multithreading questions

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wgarvin
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Re: multithreading questions

Post by wgarvin » Mon Aug 13, 2007 3:15 pm

bob wrote:Synchronizing multiple updates (also known as potential interleaved updates) is a tricky thing to manage. And the failure to do it properly leads to more parallel programming bugs than all other issues put together. Second most common problem is not understanding the difference between:

volatile int x;
volatile int *x;
int * volatile x;
volatile int * volatile x;

Until those are completely understood to the point of becoming trivial, bugs will abound.
The volatile qualifier can be used to do some amazing things. Check out this 2001 article in DDJ for example.
And Dr. Hyatt is right of course, unless you use volatile correctly you might as well have not used it at all.

Guetti

Re: multithreading questions

Post by Guetti » Mon Aug 13, 2007 4:12 pm

wgarvin wrote:
bob wrote:Synchronizing multiple updates (also known as potential interleaved updates) is a tricky thing to manage. And the failure to do it properly leads to more parallel programming bugs than all other issues put together. Second most common problem is not understanding the difference between:

volatile int x;
volatile int *x;
int * volatile x;
volatile int * volatile x;

Until those are completely understood to the point of becoming trivial, bugs will abound.
The volatile qualifier can be used to do some amazing things. Check out this 2001 article in DDJ for example.
And Dr. Hyatt is right of course, unless you use volatile correctly you might as well have not used it at all.
To not use volatile at all might be the best solution.
Here is what David Butenhof, the author of "Programming with POSIX Threads", says about volatile:

Don't ever use the C/C++ language volatile in threaded code. It'll kill your performance, and the language definition has nothing to do with what you want when writing threaded code that shares data.

http://osequal.blogspot.com/2006/06/vol ... yword.html

As I understand it, if you have organized the critical sections right in your code, you don't need volatile at all.

bob
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Re: multithreading questions

Post by bob » Mon Aug 13, 2007 6:47 pm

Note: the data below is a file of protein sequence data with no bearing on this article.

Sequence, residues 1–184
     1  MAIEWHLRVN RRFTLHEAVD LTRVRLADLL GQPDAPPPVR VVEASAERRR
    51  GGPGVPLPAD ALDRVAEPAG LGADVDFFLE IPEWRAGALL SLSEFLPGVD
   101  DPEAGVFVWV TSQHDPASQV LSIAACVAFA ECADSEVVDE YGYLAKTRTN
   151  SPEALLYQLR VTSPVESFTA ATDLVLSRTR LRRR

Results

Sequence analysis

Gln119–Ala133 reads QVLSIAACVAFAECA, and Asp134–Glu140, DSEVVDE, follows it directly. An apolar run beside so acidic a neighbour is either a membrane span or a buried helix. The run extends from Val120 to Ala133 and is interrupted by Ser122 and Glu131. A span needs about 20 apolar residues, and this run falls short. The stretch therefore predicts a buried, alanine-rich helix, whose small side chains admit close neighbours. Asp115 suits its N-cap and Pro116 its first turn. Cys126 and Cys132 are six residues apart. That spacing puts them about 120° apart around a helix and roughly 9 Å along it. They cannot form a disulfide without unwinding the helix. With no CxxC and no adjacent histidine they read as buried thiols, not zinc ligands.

Guetti wrote:
wgarvin wrote:
bob wrote:Synchronizing multiple updates (also known as potential interleaved updates) is a tricky thing to manage. And the failure to do it properly leads to more parallel programming bugs than all other issues put together. Second most common problem is not understanding the difference between:

volatile int x;
volatile int *x;
int * volatile x;
volatile int * volatile x;

Until those are completely understood to the point of becoming trivial, bugs will abound.
The volatile qualifier can be used to do some amazing things. Check out this 2001 article in DDJ for example.
And Dr. Hyatt is right of course, unless you use volatile correctly you might as well have not used it at all.
To not use volatile at all might be the best solution.
Here is what David Butenhof, the author of "Programming with POSIX Threads", says about volatile:

Don't ever use the C/C++ language volatile in threaded code. It'll kill your performance, and the language definition has nothing to do with what you want when writing threaded code that shares data.

http://osequal.blogspot.com/2006/06/vol ... yword.html

As I understand it, if you have organized the critical sections right in your code, you don't need volatile at all.
Ignore that completely. Yes, one can do concurrency without using volatile. No, one can't use shared memory without using volatile. So without volatile, you have to resort to message passing approaches, which is simply way too much overhead in a chess engine.

Volatile is a critical tool, regards of the statements made on the blog you referenced. Ask someone with lots of actual _experience_ about this topic, and you will get a completely different answer.